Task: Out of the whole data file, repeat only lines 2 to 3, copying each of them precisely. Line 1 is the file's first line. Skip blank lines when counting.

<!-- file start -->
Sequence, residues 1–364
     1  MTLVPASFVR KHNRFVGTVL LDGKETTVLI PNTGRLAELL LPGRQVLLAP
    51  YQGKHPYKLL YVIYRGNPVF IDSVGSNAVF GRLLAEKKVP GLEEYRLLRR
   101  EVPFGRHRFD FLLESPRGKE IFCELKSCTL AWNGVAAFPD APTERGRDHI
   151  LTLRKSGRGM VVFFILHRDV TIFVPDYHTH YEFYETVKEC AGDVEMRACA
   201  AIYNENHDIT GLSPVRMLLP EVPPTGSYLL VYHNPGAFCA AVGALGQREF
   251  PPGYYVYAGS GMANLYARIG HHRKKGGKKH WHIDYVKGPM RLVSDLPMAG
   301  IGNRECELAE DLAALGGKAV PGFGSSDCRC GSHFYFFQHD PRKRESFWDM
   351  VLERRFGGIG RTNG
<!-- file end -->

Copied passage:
     1  MTLVPASFVR KHNRFVGTVL LDGKETTVLI PNTGRLAELL LPGRQVLLAP
    51  YQGKHPYKLL YVIYRGNPVF IDSVGSNAVF GRLLAEKKVP GLEEYRLLRR